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Female artists take on theme of ‘trophy wives’

Vicki Kessler smiles as she describes “Measuring Up,” her contribution to the “Trophy Wives” installation. Kris Kerzman / The Arts Partnership1 / 3
Sue Morrissey stands next to her assemblage “Trophy Wife in Armor,” which is intended to convey strength and readiness. Kris Kerzman / The Arts Partnership2 / 3
Clare Degerness talks about her quilted fiber artwork, “Coming Apart at the Seams.” Kris Kerzman / The Arts Partnership3 / 3

MOORHEAD – There’s a lot to unpack from the phrase “trophy wife.”

Those two little words embrace a wide spectrum of complex human relationships and troubling questions of gender roles and human objectification.

This made the theme of a rich subject matter for a group of seven artists who each treated it their own way for an exhibition on display at the Historical and Cultural Society of Clay County.

The show, organized by Fargo-Moorhead Visual Artists, hinges around the idea of “labels,” and that central concept motivated these artists to begin discussing and reacting to the label of “trophy wife.”

The collaboration initially began after Sue Morrissey started toying with the subject.

“All of my work has to do with women, and I had this little effigy, this figure, about 6 inches tall,” Morrissey says. “And I had found this little glass case for her, which made her kind of special, honored and revered, trophy-like. And I called her ‘Trophy Wife.’ ”

Morrissey thought it was an intriguing idea for the F-M Visual Artists’ exhibition and shared it with Vicki Kessler, who then shared it with Donna Kjonaas, who frequently works with Kessler.

At first, the idea reflected a playful usage of the term that might be of interest for a whole group of artists, Kessler said. They issued a few invitations to artist friends, and from there the group of women began to meet on a regular basis to discuss the idea of a trophy wife. Over the course of their five meetings, the project began to take on new dimensions.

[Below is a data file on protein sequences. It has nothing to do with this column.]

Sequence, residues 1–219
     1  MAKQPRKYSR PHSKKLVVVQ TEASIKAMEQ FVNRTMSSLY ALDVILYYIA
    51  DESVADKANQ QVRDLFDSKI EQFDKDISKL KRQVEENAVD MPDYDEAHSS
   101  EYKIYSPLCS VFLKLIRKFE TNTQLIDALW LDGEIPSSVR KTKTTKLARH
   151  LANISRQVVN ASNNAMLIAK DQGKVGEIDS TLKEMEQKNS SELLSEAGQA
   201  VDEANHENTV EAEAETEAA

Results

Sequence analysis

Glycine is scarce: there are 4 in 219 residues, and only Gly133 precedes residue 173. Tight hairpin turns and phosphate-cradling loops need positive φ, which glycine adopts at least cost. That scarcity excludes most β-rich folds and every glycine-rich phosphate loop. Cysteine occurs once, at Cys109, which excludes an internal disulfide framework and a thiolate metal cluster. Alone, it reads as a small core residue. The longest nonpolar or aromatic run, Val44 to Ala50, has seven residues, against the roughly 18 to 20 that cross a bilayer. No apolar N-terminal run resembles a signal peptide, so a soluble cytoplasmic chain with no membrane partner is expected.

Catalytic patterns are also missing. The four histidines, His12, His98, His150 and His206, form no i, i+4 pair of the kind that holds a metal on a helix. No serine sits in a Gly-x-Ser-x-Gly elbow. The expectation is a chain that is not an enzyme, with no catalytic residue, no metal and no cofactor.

“ ‘Trophy wife’ can be serious, it can be tongue-in-cheek, it can be a real experience, it can be a political statement,” Kessler says.

These conversations sparked ideas and recalled stories that then influenced the presentation of each artist’s respective work.

“The whole process of discussing the four times we met was wonderful,” says Clare Degerness. “We expanded the definition of ‘trophy wife’ so far beyond its dictionary definition.”

“A story of someone’s marriage falling apart came to mind, so that’s what I based my piece on,” says Julie Richardson.

Her fabric panel depicts a bejeweled “trophy wife” bird flying in from above while a husband bird awaits her at his nest, which is ruined from the conflict of his divorce. In accompanying text, Richardson writes that, in the story that inspired the piece, friends of the trophy wife claimed their own sense of conquest toward the husband: “She went after him and she got him.”

Karen Anderson’s work takes the literal form of trophies as claimed winnings in a successful marriage, basing them off of the old English custom of “something old, something new, something borrowed, something blue.”

They represent the mix of tradition and social pressure, and at the center, Anderson adds a new trophy: a sense of self retained through the experience of marriage.

At the root of much of it, Kessler says, is the troubling fact that women become little more than objects in the trophy wife scenario. Creating these works has proven the power of collaborative process by allowing all seven women to open new avenues of dialogue among themselves as well as the viewing public.

“The process being with this group of women, laughing and having wild ideas, was an amazing way to create,” Kessler says.

If you go

What: Fargo-Moorhead Visual Artists’ “Constraint Show: Labels”

When: Through Jan. 5

Where: Hjemkomst Center, 202 1st Ave. N., Moorhead

This article is part of a content partnership with The Arts Partnership, a nonprofit organization cultivating the arts in Fargo, Moorhead and West Fargo, and its online publication, ARTSpulse. For more information, visit